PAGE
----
We need auto insurance to drive. We should have mandatory health insurance. Let’s give it a try and see how it works out. I had a catastrophic accident when I was 28, but I had Blue Shield health insurance. The bill came to $40,000 in 1981 (it would be about $500,000 now). I paid almost zero — just the ambulance ride for $250. Today the same accident under the new insurance plan would wind up costing someone $6,500. That’s not as good as zero, but those days are behind us.

Republicans should move on to helping balance the budget. You’ve got a little more sympathy from me here. We can start by making personal economics a mandatory class in high school. Let’s teach kids that living within one’s means is the right thing to do. An economy built on credit cards and IOUs is doomed to collapse. Too many people live like there’s no tomorrow. Our government spends too much. Do we need 10 nuclear-powered aircraft carriers?

Finally, Social Security needs fixing. Many proposals have already been made by bi-partisan committees, all of them ignored. I’d start with this: You only get back what you put in, with interest of course.

By law bikes are not vehicles

October 2, 2013

Flashing lights are OK to use on bikes.

Flashing lights are OK to use on bikes.


I didn’t know this until today: According to California’s vehicle code, bicycles are not vehicles, at least when it comes to certain sections of the code.

That caused me to make a mistake in a previous blog when I said flashing lights are not technically legal on bicycles. I went back and fixed that comment, but it’s important to call it out here since it has major implications.

Here’s what VC Section 670 says: A “vehicle” is a device by which any person or property may be propelled, moved, or drawn upon a highway, excepting a device moved exclusively by human power or used exclusively upon stationary rails or tracks.

Flashing lights are only allowed on emergency vehicles, but since a bike is not a vehicle, they’re OK to use.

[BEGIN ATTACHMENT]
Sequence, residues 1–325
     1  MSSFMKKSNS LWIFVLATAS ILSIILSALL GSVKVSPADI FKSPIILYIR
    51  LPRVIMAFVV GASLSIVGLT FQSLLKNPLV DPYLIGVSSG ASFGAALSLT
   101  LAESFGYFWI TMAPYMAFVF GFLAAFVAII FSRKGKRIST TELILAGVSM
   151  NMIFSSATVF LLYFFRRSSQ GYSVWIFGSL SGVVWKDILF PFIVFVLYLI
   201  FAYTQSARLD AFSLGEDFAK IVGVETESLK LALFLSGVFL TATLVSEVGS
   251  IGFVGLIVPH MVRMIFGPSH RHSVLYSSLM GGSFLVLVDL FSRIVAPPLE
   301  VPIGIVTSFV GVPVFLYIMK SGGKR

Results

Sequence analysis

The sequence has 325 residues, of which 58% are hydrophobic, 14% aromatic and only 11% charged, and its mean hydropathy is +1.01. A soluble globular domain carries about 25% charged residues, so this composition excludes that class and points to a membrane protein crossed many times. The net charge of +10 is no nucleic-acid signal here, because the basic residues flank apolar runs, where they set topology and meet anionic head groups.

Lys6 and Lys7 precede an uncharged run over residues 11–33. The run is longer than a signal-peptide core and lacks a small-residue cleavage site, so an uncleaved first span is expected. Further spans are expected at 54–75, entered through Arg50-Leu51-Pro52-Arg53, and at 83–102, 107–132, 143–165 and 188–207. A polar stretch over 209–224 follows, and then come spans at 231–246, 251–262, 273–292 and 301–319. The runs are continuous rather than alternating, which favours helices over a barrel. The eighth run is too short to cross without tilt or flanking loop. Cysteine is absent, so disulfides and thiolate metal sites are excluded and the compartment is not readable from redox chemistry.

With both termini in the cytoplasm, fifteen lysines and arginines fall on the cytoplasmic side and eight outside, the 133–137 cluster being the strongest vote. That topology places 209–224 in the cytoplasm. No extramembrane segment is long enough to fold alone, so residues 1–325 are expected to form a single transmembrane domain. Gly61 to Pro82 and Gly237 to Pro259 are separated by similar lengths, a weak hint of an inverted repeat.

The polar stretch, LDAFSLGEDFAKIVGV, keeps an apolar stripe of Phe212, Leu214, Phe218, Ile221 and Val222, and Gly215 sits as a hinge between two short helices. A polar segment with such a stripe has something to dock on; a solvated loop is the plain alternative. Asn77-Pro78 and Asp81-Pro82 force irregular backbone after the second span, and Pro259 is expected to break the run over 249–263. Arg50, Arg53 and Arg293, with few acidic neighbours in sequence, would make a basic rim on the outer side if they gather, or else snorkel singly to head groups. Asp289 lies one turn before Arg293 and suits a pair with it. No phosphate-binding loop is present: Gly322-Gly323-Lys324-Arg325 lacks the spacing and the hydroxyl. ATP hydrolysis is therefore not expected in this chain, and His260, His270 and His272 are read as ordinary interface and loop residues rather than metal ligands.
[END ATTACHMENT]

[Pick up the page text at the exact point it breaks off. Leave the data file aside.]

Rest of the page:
My only objection to flashing lights is front lights that emit a blinding white flash. You want to be seen, not be a visual distraction that blinds drivers.

Mt. Hamilton never fails to impress

September 24, 2013

Arnold Ranch on Mt. Hamilton Road. The shack in the background is an old outhouse. The food stand was removed eons ago.

Arnold Ranch on Mt. Hamilton Road. The shack in the background is an old outhouse. The food stand was removed eons ago.


In my 33 years riding the Mt. Hamilton loop I have always found something to make my day, whether it be wildflowers, elk or maybe the occasional tarantula ambling across the road.

Last Sunday it was the tarantula. The hairy brown arachnid paid me no attention as I took its picture and some video footage. I’m sure he didn’t appreciate the flash as he made his way to the other side of the road looking for someone to share a web with.

And then there’s the history. One of the high points riding with Jobst Brandt was when we went past Arnold Ranch. He could let out a cry that would make a peacock blush. They usually responded with a cry of their own.

When I stopped at the Junction store I inquired about the ranch and its long-forgotten food stand, which closed in the mid to late 1970s. Jobst often mentioned it on our rides. It turns out one of rancher Tom Arnold’s granddaughters runs the Junction store. Tom, who is long since past, did indeed have a store alongside the road, along with a campground. However, he did not sell hamburgers, only chips, soda and cookies.